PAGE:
Most secure elements currently available are proprietary, making it challenging for anyone other than the manufacturer to examine and confirm the chip’s security. This means that consumers must rely on the vendor’s assurance that the chip is not compromised during production or any other stage in the supply chain. However, it’s worth noting that closed-source designs can provide additional security, as it’s harder for attackers to identify and exploit potential weaknesses in the design, compared to an open-source chip.
Certification over Security
Most secure element vendors rely on their reputation and certification to gain trust among consumers. While many vendors have a solid reputation, some may feel uneasy trusting a business that prioritizes certification over security, particularly when the incentives of the certifying body may be biased toward vendors who pay them.
However, it’s worth noting that secure elements in hardware wallets have a strong track record in securing billions of dollars worth of bitcoin for many years, with few known instances of compromise despite extensive research by security experts worldwide. Based on this record, they can be considered very secure.
Open-source secure elements
SatoshiLabs, the creator of the Trezor hardware wallets, is developing an open-source secure element called Tropic Square. This initiative aims to make design specifications, verification, and testing available to the public, providing a transparent alternative to the current generation of bitcoin wallet secure elements, whose security can be independently verified by anyone in the community.
Should you choose a hardware wallet with a secure element?
When choosing a hardware wallet, there are trade-offs to consider when deciding whether or not to include a secure element. While a secure element provides added protection against physical attacks, it also increases the risk of potential compromise by the manufacturer or supply chain. On the other hand, using a hardware wallet without a secure element may be more vulnerable to physical attacks, but the risk of compromise by the manufacturer or supply chain is reduced.
To mitigate the cons of using a secure element, consider using these techniques:
- on single-sig setup, use a passphrase. Passphrases serve as a function of second-factor protection of the recovery seed and are the ultimate protection against attacks involving physical access to the device or the recovery seed.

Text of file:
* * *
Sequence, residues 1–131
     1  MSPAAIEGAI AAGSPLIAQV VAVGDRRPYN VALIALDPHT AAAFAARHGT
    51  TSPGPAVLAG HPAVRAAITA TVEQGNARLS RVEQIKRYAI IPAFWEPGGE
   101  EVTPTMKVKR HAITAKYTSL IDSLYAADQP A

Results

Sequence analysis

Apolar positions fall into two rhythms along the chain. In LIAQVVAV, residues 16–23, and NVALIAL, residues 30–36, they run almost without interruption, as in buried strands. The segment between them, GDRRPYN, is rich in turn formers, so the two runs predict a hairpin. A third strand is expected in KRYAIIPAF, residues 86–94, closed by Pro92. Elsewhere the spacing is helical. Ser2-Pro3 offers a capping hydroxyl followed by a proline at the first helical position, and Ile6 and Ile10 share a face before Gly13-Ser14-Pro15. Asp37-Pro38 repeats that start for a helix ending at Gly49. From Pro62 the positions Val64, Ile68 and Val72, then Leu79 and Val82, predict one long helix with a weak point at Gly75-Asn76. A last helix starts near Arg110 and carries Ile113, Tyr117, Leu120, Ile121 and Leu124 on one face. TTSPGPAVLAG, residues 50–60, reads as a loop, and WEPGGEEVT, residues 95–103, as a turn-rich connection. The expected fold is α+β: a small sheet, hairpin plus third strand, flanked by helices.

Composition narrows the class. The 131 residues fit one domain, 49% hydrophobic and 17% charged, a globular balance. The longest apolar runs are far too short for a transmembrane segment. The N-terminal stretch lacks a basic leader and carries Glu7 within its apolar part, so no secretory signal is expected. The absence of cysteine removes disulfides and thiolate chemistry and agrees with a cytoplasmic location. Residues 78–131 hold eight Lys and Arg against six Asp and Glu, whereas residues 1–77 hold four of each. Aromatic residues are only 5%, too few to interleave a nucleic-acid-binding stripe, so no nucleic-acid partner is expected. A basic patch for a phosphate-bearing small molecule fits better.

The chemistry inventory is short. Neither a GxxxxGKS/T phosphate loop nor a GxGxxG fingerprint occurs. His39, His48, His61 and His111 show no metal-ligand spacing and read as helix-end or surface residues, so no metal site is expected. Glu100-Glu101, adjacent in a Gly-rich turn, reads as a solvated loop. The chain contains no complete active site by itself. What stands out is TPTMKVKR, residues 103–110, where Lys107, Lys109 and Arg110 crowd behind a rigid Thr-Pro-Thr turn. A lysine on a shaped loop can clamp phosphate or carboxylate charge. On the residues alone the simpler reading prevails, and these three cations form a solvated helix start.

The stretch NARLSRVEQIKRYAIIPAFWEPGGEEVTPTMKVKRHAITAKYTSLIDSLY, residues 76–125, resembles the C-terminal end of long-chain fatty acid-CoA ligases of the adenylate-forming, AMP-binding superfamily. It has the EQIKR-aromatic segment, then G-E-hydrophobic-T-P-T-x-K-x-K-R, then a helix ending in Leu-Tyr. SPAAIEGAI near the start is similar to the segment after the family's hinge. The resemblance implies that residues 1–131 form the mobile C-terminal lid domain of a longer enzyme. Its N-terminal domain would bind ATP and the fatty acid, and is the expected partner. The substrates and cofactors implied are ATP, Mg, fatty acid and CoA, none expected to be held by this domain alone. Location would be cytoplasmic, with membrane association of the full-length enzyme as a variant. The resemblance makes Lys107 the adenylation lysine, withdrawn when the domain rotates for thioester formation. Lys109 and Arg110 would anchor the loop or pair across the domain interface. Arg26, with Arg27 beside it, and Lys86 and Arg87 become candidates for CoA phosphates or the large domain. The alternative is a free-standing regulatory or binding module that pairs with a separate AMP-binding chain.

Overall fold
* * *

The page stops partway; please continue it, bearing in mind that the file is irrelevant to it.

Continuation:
- on a multi-sig setup, use hardware wallets of different brands, so you don’t have to trust a single third-party secure element.
This allows you to benefit from added security features while minimizing the potential drawbacks.
Hardware wallets with a secure element
This website compares feature by feature, different Hardware Wallets with a secure element:
Hardware Wallets with Secure Element - The Bitcoin Hole
Comparing Hardware Wallets feature by feature
Jade creators explain why they don’t need a secure element here:
Does Blockstream Jade have a secure element?
Secure elements are closed-source chips that are integrated into hardware wallets in order to protect them from…
BitBox02 creators wrote these articles about this topic:
Best of both worlds: using a secure chip with open source firmware
Du kannst auch die deutsche Version dieses Artikels lesen. Within the hardware wallet industry, there are two…
Keystone creators wrote these articles about this topic:
Secure Elements: The Last Line of Defense
How does the Secure Element in a hardware wallet work?
Secure Elements: Harnessing A Force of Nature
How important Secure Element is in a hardware wallet for cryptocurrencies.
SafePal S1 creators wrote about this in item #2 of this article:
8 reasons why SafePal S1 is secure(Part I)
“They who can give up essential liberty to obtain a little temporary safety deserve neither liberty nor safety.”